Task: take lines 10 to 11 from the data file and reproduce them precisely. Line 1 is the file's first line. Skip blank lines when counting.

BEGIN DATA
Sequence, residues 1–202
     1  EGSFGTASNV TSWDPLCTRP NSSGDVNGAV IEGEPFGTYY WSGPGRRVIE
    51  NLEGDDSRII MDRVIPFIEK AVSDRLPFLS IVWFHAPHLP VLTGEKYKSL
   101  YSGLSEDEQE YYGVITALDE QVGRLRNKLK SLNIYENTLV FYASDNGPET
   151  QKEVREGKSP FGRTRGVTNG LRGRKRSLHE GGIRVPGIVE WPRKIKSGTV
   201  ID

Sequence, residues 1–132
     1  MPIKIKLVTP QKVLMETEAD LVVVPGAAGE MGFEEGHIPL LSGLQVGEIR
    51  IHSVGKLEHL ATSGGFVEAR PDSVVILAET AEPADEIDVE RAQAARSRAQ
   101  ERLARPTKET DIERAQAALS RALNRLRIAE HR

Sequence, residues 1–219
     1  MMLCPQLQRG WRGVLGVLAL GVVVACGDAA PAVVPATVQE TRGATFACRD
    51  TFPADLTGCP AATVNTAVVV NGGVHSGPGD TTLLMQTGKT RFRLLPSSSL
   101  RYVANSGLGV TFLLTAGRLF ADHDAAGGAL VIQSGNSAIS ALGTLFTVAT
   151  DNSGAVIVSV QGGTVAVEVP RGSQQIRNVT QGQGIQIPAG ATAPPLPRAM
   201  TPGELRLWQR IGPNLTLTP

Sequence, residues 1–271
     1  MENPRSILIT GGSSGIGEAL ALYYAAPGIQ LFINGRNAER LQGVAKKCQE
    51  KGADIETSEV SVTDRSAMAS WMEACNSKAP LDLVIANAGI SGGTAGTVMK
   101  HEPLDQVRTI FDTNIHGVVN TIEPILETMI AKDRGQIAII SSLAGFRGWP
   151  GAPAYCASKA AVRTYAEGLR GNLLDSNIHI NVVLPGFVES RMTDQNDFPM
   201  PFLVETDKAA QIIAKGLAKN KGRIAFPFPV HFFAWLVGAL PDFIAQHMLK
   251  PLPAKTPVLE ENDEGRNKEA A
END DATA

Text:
   101  ERLARPTKET DIERAQAALS RALNRLRIAE HR

Sequence, residues 1–219